Ripplemaker…. AU-based (semi) modular synth fun :-)

Effective effects

Cubasis does, of course, ship with a good array of audio effects apps. These cover the sorts of routine tasks such as EQ, compression, delay and reverb pretty well. Cubasis also offers two effects pack IAPs and I happen to have both of those. My February ‘core set’ therefore only included two apps here; Igor Vasiliev’s Audio Mastering and Fingerlab’s DFX. The first of these was (surprise, surprise) there to deal with routine mastering duties while the latter was there as a ‘creative effects’ catch all (and very good it is too). Neither of these is available as an AU plugin though so where can I go on this front?

Eos 2 – a great choice for a reverb app and with good AU support.

Well, there are some ‘creative’ options amongst the Cubasis effects collection and, while they don’t really match what DFX (or perhaps Turnado) might offer, this is more for ear candy and occasional use so maybe I’ll forego a full-on selection here for a while (although apeSoft’s iDensity could be a ‘well out there’ possibility for the more adventurous amongst you). Equally, maybe the Cubasis limiting, EQ, compression and stereo enhancement options can be used to provide a little by way of gentle mastering even if it is not really on a par with Igor’s excellent app (or something like Positive Grid’s Final Touch).

So maybe I could use a pick or three here to improve on the bread and butter effects offered by Cubasis? If that’s the case, I think I’d start by looking at four roles; EQ, compression, reverb and delay….. those effects plugins that generally get the most work.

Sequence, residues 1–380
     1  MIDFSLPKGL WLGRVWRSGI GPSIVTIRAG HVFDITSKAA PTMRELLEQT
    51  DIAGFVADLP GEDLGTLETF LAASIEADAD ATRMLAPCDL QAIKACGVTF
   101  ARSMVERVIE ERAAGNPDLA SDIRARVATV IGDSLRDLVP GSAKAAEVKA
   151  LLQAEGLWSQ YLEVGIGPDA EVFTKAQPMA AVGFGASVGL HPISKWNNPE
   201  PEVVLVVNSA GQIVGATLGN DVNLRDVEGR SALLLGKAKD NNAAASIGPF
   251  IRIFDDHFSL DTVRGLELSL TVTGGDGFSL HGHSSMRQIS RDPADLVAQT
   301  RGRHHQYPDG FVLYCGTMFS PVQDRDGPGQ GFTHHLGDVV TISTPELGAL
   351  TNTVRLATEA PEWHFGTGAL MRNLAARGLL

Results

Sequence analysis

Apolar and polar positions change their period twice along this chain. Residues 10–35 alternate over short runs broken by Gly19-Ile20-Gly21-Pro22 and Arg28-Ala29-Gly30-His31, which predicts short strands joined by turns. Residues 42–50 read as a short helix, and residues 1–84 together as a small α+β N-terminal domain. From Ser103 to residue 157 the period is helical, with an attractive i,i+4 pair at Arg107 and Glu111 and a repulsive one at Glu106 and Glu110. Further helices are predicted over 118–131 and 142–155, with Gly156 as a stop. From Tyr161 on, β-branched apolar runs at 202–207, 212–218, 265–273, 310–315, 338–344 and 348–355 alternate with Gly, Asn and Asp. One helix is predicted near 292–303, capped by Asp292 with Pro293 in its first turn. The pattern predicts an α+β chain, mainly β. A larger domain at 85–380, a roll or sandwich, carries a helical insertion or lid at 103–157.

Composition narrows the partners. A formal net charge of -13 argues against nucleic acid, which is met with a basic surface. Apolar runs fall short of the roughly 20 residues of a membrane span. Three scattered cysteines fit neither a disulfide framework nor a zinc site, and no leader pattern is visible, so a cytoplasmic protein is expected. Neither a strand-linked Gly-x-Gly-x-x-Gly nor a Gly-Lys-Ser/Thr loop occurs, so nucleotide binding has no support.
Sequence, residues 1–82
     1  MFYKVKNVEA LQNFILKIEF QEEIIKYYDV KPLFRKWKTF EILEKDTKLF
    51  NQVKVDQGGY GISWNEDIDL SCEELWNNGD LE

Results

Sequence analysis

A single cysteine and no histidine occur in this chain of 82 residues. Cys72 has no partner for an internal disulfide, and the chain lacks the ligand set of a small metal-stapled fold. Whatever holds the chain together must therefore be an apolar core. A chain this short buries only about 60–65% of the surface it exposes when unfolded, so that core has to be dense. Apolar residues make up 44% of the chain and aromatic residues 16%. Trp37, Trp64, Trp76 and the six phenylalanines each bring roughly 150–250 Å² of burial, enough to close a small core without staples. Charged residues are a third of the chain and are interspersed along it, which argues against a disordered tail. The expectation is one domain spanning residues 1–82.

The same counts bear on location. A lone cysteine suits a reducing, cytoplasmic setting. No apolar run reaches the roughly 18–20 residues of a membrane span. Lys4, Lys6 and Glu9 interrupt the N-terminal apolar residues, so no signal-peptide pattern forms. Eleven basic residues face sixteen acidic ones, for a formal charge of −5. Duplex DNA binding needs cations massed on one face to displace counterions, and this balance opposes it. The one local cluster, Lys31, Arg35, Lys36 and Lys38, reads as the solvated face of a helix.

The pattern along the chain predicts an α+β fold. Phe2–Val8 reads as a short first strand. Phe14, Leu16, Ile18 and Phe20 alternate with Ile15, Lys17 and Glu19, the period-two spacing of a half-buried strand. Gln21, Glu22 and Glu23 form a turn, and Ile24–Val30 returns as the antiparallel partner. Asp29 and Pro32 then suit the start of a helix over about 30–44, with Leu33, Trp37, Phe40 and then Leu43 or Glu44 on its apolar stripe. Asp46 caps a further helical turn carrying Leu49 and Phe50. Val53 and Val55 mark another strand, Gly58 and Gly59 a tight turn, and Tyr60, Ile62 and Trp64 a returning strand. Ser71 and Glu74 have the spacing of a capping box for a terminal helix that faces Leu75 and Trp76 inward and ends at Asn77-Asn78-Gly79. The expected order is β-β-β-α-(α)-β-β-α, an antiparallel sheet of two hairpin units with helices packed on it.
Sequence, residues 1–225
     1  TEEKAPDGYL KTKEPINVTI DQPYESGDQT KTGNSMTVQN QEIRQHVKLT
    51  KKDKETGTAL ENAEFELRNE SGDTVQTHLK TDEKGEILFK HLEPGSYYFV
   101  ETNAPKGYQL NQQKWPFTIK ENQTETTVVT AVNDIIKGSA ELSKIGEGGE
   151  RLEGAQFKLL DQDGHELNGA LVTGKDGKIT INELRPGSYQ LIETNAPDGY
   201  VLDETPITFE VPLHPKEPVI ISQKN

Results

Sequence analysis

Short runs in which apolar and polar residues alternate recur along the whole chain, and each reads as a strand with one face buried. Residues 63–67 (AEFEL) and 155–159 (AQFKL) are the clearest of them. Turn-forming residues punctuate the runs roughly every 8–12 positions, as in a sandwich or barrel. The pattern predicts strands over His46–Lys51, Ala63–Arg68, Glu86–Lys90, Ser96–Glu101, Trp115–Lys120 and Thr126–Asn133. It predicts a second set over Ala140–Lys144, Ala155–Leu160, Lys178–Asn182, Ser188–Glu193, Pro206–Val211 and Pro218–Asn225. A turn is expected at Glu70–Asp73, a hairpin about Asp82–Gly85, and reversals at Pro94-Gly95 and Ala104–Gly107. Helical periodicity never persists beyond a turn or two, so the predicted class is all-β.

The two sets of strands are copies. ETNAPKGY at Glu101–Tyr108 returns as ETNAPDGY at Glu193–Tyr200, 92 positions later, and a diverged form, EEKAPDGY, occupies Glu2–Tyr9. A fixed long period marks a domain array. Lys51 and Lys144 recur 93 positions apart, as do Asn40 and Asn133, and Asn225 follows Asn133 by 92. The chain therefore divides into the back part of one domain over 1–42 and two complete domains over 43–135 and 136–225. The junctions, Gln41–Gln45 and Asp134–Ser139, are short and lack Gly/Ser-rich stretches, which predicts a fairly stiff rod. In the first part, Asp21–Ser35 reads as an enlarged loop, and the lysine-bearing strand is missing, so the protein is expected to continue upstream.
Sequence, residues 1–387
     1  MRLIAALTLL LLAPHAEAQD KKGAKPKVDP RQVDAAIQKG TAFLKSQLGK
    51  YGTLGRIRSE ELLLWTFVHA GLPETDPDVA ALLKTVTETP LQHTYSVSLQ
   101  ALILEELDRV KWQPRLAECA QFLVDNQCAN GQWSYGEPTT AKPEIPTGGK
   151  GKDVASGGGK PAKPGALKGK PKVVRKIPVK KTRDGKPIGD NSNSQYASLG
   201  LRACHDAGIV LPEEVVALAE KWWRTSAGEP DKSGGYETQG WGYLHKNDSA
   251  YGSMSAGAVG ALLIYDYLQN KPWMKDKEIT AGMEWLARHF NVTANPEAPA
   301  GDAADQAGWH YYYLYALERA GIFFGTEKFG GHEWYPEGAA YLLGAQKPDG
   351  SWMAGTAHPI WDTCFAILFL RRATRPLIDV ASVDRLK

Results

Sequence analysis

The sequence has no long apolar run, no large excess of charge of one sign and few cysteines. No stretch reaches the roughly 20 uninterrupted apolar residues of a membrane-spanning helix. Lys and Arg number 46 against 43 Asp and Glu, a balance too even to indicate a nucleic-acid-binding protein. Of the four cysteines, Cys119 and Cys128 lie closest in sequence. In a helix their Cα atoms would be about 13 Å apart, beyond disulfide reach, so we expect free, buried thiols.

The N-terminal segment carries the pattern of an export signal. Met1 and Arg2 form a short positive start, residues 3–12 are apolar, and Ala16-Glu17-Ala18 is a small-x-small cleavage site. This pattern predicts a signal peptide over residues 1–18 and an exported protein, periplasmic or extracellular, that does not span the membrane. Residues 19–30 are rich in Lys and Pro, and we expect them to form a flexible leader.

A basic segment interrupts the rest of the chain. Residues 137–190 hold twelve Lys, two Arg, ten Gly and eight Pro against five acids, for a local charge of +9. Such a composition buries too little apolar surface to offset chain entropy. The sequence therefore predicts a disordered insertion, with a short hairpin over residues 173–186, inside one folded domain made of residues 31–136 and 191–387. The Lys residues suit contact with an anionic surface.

NYCompressor sounds great on drums or, as shown here within Cubasis, on vocals.

This is actually one area where AU support has begun to take off. For example, we could look at Blamsoft’s very modestly priced AU effects apps or the Flora Creative series of apps? Klevgrand’s iOS app offerings also include a number of very good options. However, I think I’ll do for Audio Damage’s Eos 2 as a reverb selection (a significant step up from most iOS algorithmic reverbs), DDMF’s NY Compressor for my compressor choice (smooth and kind of analog-sounding; Korvpressor might be a more ‘modern’ choice here? ), Numercial Audio’s RP-1 for my delay (although Audio Damage’s new Dubstation 2 might be a contender here; at the time of writing I don’t know it well enough yet to judge) and zMors EQ for my more surgical EQ choice (although fuxEQ would also be an option).

RP-1 provides a very solid delay option via AU within Cubasis.

I have to ‘fudge’ my ‘creative’ and ‘mastering’ effects a bit by working harder with those effects I do have in my list (or built-in to Cubasis) but, such is life…. for now, I’ll focus on more routine effects functions.

zMors EQ – a flexible EQ app in an AU plugin format.

So, four effects apps added…. now 6 app ‘slots’ available that are still to be filled.

Slice, dice and beat

My February selection included a number of apps within the virtual drummer, virtual electronic drum machine and electronic music production categories. The selection therefore included, Gadget, Oscilab, Blocs Wave, ReSlice, Drum Session, Patterning and DM2.